Higher Education Soars Higher
Move over, UD and DSU. Delaware’s private colleges are sharpening their public profiles.
by Jim Waltzer Published March 16, 2010 at 08:35 AM
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Growing Programs, Growing Up
When curriculum planners developed a bachelor’s degree concentration in computer forensics and installed it in 2007, they were not sleuthing for a new TV series or dressing up the course catalog. The Goldey-Beacom playbook calls for speed, timeliness—and results.
“Small schools can turn on a dime,” says vice president Gary Wirt. “We stay responsive to what students and employers need. You don’t want to train kids and send them out the door if the jobs aren’t there.”
Training entails more than academics. The school has built an enviable job placement record by emphasizing perspective as well as skills. “Our focus is on students not just looking for jobs, but developing an entrepreneurial mindset to compete in the new economy,” says career services specialist Rebecca Leyson.
The school’s origins were rooted in the old economy. Educator Harry Goldey founded Wilmington Commercial College in 1886. His ambitious instructor, William Beacom, opened competing Wilmington Business School nearby at the turn of the century. The schools’ names and locations changed more than once through the next few decades, but there was room at the table for students from both. Typewriters clacked, Dictaphones clicked and life was recorded in shorthand. Secretaries—male as well as female—and bookkeepers emerged to join corporate America. Goldey and Beacom colleges merged in 1951. They based operations at Beacom’s building at 10th and Jefferson streets in downtown Wilmington. In 1974, following a protracted period of inner-city strife and declining enrollment, the school moved to its current campus in Pike Creek Valley.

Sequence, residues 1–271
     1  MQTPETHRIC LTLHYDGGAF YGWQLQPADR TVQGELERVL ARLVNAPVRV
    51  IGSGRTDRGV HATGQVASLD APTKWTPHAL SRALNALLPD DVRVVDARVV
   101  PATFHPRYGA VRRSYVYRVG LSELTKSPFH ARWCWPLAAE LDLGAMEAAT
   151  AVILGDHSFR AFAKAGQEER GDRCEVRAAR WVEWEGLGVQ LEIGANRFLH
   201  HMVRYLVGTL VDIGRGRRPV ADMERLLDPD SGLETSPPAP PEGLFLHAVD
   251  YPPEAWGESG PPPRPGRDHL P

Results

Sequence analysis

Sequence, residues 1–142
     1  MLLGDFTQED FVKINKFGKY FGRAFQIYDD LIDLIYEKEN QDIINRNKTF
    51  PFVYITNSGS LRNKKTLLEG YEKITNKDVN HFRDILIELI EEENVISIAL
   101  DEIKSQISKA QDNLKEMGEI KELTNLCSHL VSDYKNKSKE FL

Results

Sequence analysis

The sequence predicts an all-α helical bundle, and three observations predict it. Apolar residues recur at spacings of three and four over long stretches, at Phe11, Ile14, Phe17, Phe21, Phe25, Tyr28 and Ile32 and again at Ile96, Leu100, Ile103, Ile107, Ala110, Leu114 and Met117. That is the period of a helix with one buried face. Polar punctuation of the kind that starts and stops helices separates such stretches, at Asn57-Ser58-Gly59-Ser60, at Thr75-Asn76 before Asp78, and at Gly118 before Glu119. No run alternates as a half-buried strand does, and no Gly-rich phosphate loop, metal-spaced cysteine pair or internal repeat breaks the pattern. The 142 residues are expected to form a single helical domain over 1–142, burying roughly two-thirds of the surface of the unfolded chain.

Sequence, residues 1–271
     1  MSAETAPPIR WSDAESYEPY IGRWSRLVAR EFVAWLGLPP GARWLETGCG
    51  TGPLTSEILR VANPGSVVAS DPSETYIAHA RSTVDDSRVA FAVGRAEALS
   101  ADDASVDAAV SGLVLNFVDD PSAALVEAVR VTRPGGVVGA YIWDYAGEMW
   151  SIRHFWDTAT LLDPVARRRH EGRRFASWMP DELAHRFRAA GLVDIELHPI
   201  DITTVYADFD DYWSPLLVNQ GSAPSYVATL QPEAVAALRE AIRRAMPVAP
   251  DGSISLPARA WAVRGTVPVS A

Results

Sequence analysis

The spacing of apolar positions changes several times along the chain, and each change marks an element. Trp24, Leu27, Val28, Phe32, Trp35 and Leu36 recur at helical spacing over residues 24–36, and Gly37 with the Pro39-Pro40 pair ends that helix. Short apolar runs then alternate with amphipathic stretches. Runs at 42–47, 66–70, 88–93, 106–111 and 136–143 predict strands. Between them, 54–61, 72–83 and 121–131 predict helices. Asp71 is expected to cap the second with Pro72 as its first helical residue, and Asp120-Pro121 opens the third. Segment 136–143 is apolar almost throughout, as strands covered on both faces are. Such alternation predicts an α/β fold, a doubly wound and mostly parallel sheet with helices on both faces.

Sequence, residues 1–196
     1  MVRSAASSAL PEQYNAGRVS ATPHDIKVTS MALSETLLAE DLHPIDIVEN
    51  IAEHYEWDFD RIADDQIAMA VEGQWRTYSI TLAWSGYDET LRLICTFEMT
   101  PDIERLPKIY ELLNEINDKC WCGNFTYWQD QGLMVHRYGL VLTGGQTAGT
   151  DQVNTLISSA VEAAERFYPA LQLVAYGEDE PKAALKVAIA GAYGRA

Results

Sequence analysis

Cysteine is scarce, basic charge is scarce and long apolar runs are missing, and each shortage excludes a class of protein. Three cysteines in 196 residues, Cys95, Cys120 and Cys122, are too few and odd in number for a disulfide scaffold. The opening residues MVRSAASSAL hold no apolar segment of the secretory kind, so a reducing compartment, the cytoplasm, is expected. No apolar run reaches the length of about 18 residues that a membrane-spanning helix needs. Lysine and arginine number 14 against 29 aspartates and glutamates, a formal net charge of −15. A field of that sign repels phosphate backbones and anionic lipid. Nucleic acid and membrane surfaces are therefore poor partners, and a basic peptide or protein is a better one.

Goldey-Beacom’s 24 acres on Limestone Road include four garden apartment-style residence halls that house some 300 of the school’s 1,600-plus students. Tennis courts, athletic fields and, in the deceptively commodious Joseph West Jones Center, a sleek modern gymnasium, all host the Lightning’s NCAA Division II action. The campus has gone wireless. It features a sophisticated computer lab and networked classrooms.
Two-thirds of Goldey-Beacom’s students are from Delaware, and more than half are undergraduates. The school draws mainly from within a 30-mile radius, yet it recruits well beyond the vicinity. Fifteen percent of those living in the dorms are international students, some faculty come from overseas, and President Mohammad Ilyas is from Pakistan. “Business is global,” says Wirt. Students profit from the school’s international flavor, he says, adding, “We’re still viewed as business-only, but we’re not.”
Indeed, last year the school added economics, health care management, and sports management to its roster of bachelor of science degree programs in accounting, business, computer sciences and other disciplines. Goldey-Beacom has offered bachelor’s degrees since 1978. A new bachelor of arts program in psychology will launch in the fall. Master’s programs in management, taxation and finance have joined the master’s of business administration program that began in 1992.
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